Word of the day – moustache
Today’s word, moustache, (mustache in American English) comes via the French moustache, the Italian mostaccio or the Spanish mostacho, from the Medieval Greek moustakion, a diminutive of mystax, “upper lip, moustache”, which is related to mastax, “jaws, mouth”, lit. “that with which one chews”.
This week there have been quite a lot of blokes with huge beards or impressive moustaches wandering round town. I’ve been wondering why – ZZ Top aren’t performing here, as far as I know. Today I discovered the reason – the World Beard and Moustache Championship is currently being held at the Brighton Centre (I kid you not). I saw some impressive beards and moustaches (attached to their owners, of course) when I went past earlier.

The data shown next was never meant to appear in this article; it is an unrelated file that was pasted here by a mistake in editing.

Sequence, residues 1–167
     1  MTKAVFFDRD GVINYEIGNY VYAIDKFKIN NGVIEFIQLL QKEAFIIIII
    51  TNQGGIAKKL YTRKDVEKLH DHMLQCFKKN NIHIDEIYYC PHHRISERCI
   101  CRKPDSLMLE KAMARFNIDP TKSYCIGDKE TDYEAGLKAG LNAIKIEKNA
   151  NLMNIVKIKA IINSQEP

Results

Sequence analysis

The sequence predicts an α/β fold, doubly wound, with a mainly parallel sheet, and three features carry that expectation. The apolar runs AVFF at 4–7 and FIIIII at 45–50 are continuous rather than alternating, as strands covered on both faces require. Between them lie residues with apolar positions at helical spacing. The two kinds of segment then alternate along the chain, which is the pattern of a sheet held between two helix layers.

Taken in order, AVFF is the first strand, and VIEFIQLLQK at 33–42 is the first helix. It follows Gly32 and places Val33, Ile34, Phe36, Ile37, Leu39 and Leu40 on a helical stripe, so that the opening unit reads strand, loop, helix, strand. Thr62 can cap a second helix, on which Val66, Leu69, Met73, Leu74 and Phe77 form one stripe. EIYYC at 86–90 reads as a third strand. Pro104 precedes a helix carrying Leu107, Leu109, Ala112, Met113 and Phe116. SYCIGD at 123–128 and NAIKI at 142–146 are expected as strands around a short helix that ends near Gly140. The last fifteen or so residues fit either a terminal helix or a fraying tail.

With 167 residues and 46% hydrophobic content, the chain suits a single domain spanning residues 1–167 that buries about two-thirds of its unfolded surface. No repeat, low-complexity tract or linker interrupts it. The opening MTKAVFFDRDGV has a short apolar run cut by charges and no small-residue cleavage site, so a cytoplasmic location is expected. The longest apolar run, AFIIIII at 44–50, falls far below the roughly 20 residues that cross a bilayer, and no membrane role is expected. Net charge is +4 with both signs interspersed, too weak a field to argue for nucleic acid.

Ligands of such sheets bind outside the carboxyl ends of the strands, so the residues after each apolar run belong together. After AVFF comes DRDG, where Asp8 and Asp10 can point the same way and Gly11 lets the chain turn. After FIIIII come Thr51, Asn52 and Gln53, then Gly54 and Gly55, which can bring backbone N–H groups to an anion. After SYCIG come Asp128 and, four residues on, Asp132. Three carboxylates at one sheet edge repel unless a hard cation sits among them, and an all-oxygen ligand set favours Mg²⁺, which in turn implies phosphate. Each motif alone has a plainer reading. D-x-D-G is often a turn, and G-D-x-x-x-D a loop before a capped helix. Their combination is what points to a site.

Here are a couple of facial hair-related factoids for you: shaving become general among the Romans in 450 BC, partly to avoid being held by the beard during close combat, and ever since Pope Leo III shaved off his beard in 795 AD, most Roman Catholic clergy have been clean shaven.
Source: Online Etymology Dictionary